Use two Firebase instances in your Android App and never test in production

Use two Firebase instances in your Android App and never test in production

For two days, I see captures and memes about the error that occurred in the Airbnb mobile application. A notification with the message "Test dev" was sent to several users.

I don't know how it happened, but I'm sure this time it's not an intern 😅 anyway ! In this article I'm going to show you how at BeServed, we avoid these kinds of errors by creating two Firebase instances for a single Android project, one of which is for testing and one for production.

By default, when we want to add a Firebase project to our Android application, the Firebase guide asks us to add the plugin to our app build.gradle file, to download and put the google-services.json file in the app folder and thanks to that your application will be linked to the Firebase project.

Now the question is 👇🏾

There are two possibilities,

1st option : using multiple google-services.json

The first one is to use a google-services.json file for each build variant. Indeed, you can place several google-services.json files each in a folder named according to the build variant it belongs to.

For example, if you have product flavors "dev" and "release", you can organize them as follows :


The google-service.json file is processed into Android string resources by the Google Services gradle plugin. You can see which resources are created in the Google Services Plugin documentation on Processing the JSON file.

To learn more, see the Google Services Plugin documentation on Adding the JSON file.

These resources are then loaded by the FirebaseInitProvider which runs before your application code and initializes Firebase APIs using those values.

2nd option : checking at runtime with Firebase options object

As you my already know, the JSON file is processed at build time, and it's read into an options object (FirebaseOptions) that is referenced by the Firebase application object (FirebaseApp). This option consists in adding the string resources directly to your app instead of using the Google Services Gradle plugin. And this is how we do it at BeServed.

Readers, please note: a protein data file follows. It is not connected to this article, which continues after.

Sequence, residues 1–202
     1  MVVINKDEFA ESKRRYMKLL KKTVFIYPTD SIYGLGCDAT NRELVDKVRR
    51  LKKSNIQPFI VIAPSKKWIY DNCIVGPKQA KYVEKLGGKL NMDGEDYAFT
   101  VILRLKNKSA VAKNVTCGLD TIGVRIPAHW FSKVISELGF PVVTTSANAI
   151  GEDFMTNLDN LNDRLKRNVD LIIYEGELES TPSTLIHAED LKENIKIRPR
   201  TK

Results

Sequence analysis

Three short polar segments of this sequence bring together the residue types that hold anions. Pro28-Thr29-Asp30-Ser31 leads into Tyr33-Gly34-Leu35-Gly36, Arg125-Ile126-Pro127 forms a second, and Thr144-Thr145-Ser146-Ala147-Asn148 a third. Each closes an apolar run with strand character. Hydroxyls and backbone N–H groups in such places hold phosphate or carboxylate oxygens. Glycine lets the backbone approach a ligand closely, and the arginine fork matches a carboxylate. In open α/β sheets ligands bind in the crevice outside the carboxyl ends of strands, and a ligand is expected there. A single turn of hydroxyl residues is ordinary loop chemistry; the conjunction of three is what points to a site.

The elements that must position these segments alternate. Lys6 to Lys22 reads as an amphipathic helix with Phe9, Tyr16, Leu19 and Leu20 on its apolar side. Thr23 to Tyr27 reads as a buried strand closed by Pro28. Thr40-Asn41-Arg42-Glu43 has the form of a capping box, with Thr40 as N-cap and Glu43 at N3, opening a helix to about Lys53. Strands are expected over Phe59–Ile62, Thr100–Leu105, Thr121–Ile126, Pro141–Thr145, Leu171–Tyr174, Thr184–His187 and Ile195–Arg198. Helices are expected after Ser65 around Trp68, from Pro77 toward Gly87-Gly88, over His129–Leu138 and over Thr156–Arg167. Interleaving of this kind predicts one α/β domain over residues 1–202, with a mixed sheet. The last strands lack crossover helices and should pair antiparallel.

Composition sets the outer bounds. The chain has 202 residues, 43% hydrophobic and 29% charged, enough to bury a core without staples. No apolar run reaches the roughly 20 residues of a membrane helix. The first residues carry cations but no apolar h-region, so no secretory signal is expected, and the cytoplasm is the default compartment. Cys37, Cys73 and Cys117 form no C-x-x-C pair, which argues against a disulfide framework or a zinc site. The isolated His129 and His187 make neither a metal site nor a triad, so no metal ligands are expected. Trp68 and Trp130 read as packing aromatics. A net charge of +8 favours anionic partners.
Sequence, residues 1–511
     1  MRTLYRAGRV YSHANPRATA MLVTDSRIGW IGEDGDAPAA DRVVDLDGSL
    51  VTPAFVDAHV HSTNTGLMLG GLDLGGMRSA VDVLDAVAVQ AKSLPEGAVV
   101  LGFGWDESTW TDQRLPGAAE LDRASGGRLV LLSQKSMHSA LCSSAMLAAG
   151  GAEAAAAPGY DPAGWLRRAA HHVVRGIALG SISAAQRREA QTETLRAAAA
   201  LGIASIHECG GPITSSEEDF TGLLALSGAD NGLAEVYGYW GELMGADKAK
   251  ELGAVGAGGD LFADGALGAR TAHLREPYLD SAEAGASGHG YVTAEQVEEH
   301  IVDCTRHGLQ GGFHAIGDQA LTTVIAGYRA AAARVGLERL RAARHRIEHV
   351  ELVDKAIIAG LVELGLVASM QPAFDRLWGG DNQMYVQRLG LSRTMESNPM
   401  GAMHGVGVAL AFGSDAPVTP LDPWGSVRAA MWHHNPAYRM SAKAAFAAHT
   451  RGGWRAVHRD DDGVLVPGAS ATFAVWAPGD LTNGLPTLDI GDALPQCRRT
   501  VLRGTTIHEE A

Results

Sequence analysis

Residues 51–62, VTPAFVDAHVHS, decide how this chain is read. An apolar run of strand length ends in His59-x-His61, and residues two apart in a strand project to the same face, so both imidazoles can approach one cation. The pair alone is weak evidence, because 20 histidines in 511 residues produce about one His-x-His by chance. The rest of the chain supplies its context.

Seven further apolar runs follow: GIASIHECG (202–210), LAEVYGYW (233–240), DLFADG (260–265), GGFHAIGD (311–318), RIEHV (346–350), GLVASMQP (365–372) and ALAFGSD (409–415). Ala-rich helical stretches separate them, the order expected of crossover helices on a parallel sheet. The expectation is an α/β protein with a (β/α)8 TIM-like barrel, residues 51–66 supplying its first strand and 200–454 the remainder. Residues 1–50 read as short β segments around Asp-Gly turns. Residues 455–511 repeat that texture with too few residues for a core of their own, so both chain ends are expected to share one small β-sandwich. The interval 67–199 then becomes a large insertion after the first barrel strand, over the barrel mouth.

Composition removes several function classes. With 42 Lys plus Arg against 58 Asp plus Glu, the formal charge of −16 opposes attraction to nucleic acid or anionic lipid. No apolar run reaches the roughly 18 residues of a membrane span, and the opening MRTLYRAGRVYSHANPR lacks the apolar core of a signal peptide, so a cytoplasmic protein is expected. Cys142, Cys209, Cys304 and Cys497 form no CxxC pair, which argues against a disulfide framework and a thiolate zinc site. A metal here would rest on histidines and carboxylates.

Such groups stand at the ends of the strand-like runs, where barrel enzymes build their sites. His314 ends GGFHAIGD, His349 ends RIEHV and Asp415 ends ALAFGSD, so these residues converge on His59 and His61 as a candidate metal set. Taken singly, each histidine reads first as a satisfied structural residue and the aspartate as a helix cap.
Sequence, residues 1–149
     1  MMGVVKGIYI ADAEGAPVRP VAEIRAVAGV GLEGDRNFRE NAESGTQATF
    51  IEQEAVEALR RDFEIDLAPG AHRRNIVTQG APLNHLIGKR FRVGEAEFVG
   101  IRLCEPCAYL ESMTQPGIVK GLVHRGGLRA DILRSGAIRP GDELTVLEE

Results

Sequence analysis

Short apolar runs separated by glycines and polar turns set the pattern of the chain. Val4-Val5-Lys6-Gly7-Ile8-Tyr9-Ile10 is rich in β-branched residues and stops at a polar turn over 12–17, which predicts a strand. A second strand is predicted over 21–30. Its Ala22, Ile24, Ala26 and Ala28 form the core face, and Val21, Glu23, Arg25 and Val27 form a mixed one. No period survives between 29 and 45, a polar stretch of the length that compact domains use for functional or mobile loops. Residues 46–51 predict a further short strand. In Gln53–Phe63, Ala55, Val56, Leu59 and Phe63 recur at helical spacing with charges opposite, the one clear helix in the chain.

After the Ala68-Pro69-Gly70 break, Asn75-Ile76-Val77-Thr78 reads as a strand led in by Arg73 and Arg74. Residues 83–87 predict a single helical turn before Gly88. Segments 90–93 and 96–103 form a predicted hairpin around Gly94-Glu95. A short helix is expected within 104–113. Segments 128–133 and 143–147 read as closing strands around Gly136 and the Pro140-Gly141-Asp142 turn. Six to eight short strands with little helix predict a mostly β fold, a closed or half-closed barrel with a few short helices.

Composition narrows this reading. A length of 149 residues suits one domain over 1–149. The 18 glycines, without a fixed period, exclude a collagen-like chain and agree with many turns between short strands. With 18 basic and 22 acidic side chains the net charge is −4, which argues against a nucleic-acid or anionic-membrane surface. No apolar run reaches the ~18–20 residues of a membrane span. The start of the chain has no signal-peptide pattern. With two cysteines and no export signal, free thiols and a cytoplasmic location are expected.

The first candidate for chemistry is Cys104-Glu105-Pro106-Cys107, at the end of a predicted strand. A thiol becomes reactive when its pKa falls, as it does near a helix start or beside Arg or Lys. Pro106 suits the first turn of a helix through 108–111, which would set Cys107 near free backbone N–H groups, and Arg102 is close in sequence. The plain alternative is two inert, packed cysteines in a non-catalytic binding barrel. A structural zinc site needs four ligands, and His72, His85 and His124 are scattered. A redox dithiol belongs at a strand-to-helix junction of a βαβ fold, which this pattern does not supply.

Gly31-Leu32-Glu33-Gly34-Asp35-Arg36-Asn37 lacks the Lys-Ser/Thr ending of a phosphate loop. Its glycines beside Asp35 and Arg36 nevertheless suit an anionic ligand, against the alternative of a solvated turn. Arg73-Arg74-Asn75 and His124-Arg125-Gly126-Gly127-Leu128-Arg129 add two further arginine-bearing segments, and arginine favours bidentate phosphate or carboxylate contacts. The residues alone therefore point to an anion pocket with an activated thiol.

First you should

  • Remove the google-services plugin from your root build.gradle
  • Delete the google-services.json from your project
  • Delete apply plugin: from your app build.gradle

After that, you need to create a Firebase options object to hold the configuration data for the Firebase application. It uses the builder pattern, and you can specify a couple of information, as in the example below.

val options =  FirebaseOptions.Builder()

Project ID, Application ID and API key are required fields, but there’s a lot of other that can be found in the API reference documentation

After creating an option variable for each instance, this is how our Application class should look like :

class App : Application() {
    override fun onCreate() {  
        val devOptions =  FirebaseOptions.Builder()

        val prodOptions =  FirebaseOptions.Builder()

        // here we check wich instance to use depending on the build type        
        if(BuildConfig.DEBUG) {
            FirebaseApp.initializeApp(this, devOptions, "beserved-development")
        } else {
            FirebaseApp.initializeApp(this, prodOptions, "beserved-production")

Now our app will dynamically switch between Firebase projects and the third parameter of the initializeApp()is the instance name, so if for example we want to use the Firestore we should provide the name of the corresponding instance, and we can also change this name dynamically by checking if the BuildConfig is DEBUG or not.

val instanceName = if (BuildConfig.DEBUG) "beserved-development" else "beserved-production"

The next challenge is to keep settings synchronized on both test and development instances in order to avoid unexpected behavior when you switch between build variants. But this will prevent you to test in production, event if you're an intern !!

I hope this article was helpful !

Some References